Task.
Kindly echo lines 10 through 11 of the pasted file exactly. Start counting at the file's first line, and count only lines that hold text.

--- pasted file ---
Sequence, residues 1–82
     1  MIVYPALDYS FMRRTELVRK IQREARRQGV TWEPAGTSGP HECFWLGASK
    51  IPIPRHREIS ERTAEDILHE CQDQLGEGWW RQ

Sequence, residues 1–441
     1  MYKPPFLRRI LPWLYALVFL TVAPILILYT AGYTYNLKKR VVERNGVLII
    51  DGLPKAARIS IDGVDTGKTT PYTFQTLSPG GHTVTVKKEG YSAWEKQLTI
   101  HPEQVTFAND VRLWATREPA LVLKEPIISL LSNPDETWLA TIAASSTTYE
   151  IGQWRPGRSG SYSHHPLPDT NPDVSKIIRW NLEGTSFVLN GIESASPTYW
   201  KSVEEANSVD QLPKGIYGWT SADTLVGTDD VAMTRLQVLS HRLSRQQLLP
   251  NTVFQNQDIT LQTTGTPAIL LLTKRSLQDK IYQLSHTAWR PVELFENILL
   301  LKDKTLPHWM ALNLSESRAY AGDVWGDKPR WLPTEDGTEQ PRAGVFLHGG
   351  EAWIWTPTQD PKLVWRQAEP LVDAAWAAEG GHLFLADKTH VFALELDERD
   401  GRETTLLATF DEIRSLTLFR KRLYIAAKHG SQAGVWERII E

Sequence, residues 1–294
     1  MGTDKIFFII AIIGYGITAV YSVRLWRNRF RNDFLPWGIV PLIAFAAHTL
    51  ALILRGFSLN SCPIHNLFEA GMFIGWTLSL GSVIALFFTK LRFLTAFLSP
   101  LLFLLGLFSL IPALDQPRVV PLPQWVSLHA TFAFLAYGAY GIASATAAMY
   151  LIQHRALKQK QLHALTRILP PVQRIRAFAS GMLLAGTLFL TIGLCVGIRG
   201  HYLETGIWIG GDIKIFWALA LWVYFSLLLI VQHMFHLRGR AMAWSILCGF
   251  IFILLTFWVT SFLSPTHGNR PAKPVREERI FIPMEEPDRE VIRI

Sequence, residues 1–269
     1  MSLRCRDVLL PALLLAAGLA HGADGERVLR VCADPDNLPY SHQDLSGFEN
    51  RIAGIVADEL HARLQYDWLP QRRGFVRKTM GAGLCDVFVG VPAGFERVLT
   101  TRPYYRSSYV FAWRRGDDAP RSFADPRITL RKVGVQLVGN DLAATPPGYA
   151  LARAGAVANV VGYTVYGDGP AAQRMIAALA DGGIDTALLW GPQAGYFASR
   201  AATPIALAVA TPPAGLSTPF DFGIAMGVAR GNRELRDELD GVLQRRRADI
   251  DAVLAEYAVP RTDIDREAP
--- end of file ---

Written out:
   251  NTVFQNQDIT LQTTGTPAIL LLTKRSLQDK IYQLSHTAWR PVELFENILL
   301  LKDKTLPHWM ALNLSESRAY AGDVWGDKPR WLPTEDGTEQ PRAGVFLHGG